Unfortunately, it was just announced yesterday that the Encyclopædia Britannica will go out of print. To quote that article I just linked, this decision comes as "an acknowledgement of the realities of the digital age" not to mention competition from the bane of many purist academics, Wikipedia. The editors of Britannica announced that instead of print, they will instead focus on the online edition of Britannica, which is able to be updated continuously, rather than annually.


This blog has talked before about the effects of digitalization of stuff in the modern world. And while digitizing books may not be a huge shock for many (e-readers have been around for years, after all) it may still be a hard blow to many for something as much a part of Western history as tea (we stole from China) and gunpowder (we also stole from China).


They also release educational material.
And while there may be dissidents to digitizing books - such as this older article which criticizes the e-reader fad - it seems to be a unstoppable tide. While it is doubtful that printed material will disappear entirely, the industry has certainly taken many hits over the last few years. Take, for example, the website Cracked.com. While originally a print magazine meant to be a counterpart to the popular MAD Magazine, it was forced to give up the printed part of its production in 2007, and now exists solely as a website (that you should definitely check out). And this is by far not the only example. Most magazines or newspapers worth their salt at least have a website, because they recognize the need for it. Even the newspaper in my hometown has it's own website and even a mobile app, which isn't too shabby for a newspaper of a town of less than 200,000 people.


I'm not sure if there's a lesson in here somewhere. I, for one, am not too crazy about e-readers. Maybe it's just because books are usually cheaper, or perhaps I am just trying to give myself an ego boost by having display cases full of books with fancy titles and authors.






Monday, March 12, 2012

Introverts & the Church

Hello all! We are back from a brief break and ready to start feeding you your daily bread of sociological knowledge (I hope that isn't sacrilegious or anything).


Today's blurb comes from a website known as the Aquila Report. In its own words, the Aquila  Report describes itself as an "independent source for news and commentary from and about conservative/orthodox/evangelicals in the Reformed and Presbyterian family of churches."


This particular article is about introversion, and where people who would describe themselves as such fit into the church. While there are several definitions of what it means to be introverted, the basic premise to remember is that an introverted person is drained by extended social contact, and seeks relative solace in order to "recharge". Though relevant to the social sciences in general, knowledge of different personality types is particularly applicable if you interested in fields like Interpersonal Counseling.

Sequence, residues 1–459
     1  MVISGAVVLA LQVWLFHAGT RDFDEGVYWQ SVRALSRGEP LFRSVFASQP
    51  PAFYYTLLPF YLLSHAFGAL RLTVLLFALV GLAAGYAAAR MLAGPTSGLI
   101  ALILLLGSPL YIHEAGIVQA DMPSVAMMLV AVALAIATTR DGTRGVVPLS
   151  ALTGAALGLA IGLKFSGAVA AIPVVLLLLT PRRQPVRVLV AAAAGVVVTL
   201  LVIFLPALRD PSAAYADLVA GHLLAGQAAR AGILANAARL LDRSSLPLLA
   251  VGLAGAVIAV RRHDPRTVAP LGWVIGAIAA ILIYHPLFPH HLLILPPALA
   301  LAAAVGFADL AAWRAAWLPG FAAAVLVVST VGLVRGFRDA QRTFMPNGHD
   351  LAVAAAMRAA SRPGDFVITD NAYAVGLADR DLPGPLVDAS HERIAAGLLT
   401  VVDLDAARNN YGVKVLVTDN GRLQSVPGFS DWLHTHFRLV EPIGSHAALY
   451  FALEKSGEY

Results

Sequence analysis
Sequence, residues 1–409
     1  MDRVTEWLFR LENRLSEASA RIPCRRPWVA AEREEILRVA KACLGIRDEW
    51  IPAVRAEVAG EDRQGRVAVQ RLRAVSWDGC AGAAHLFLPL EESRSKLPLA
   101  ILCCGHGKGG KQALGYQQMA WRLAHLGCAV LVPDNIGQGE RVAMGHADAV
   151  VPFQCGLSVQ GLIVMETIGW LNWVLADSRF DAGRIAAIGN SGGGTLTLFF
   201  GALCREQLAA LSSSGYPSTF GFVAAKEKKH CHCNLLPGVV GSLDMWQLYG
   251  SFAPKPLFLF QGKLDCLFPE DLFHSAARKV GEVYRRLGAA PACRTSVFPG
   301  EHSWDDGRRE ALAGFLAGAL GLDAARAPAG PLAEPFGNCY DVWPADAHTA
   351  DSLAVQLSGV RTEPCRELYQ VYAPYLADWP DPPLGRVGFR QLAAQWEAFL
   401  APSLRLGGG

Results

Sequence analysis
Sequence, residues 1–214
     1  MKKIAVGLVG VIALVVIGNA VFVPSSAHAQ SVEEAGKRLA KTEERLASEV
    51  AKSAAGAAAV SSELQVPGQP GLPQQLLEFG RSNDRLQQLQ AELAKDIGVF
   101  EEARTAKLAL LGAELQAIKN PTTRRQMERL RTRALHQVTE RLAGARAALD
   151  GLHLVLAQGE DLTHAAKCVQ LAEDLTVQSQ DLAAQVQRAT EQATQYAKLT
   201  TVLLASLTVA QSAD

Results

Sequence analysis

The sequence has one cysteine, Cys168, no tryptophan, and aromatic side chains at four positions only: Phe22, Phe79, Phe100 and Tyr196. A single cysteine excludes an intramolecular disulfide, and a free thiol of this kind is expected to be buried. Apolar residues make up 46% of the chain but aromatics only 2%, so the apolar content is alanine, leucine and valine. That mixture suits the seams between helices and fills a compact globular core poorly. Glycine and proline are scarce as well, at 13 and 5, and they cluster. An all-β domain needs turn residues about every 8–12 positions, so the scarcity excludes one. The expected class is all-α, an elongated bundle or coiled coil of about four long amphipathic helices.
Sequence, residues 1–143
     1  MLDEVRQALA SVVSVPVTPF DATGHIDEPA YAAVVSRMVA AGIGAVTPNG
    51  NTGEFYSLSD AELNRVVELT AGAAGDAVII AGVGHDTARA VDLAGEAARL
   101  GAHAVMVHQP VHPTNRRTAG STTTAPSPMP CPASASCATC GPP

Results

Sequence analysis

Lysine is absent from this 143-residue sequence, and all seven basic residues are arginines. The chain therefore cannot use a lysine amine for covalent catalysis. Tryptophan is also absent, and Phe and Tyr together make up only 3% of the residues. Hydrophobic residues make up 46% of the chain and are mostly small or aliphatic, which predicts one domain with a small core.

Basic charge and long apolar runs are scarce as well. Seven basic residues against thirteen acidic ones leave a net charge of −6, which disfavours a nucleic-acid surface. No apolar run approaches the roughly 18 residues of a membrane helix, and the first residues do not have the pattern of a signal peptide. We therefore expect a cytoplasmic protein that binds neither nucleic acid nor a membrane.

The introvertus solitarius in her natural habitat

Also, if you are especially interested in this kind of thing, here is a link to a blog that deals specifically with introverts in the church. Speaking in third person, as someone who is very introverted, the author of this post considers this kind of resource very helpful and  comforting.
My kind of church.
Here is the first part of the article.


Wednesday, February 29, 2012

Reverse Culture Shock


Here is a paper sent to us by Dr. Mike Leming, Professor of Sociology at St. Olaf College in Minnesota and grand poobah of the Semester in Thailand program. This paper was written by one of his students, and explores the idea of "reverse culture shock".

If you want to learn more about the Spring Semester in Thailand program, you can check out their website or email Dr. Leming for more information. He will be happy to work with you to go on this trip. If he doesn't answer immediately, he may be in the jungle somewhere, and they tend to have terrible Wi-Fi.

Here's the paper, entitled "Reverse Culture Shock: Feeling Foreign at Home." by Carolyn Vermazen. I know it's a little long, but it's worth the read.

“You can go home again… so long as you understand that home is a place where you have never been.”                                -Ursula Le Guin, The Dispossessed

            Reverse culture shock is a very valid sociological concept.  “Reverse culture shock is real, it affects every returning sojourner to some degree, and it usually goes unrecognized” (Wang 1997).  Although it may not seem to be a very scholarly sociological topic, it is very relevant and has greatly affected not only my life, but the lives of countless other “homeless” people throughout the world.

            I am not homeless in the sense that most people understand.  I have a shelter over my head, a warm bed to sleep in at night, and am provided with an abundance of food.  However, I feel very lost and exposed in the place that I am supposed to call “home.”  After one spends a significant amount of time immersed in another culture, with little contact from one’s native environment, it is never easy to find “home” again.  Never really apart of one’s host country, and yet forever changed by their experiences and new views on the world, can one ever really be a part of their native country again?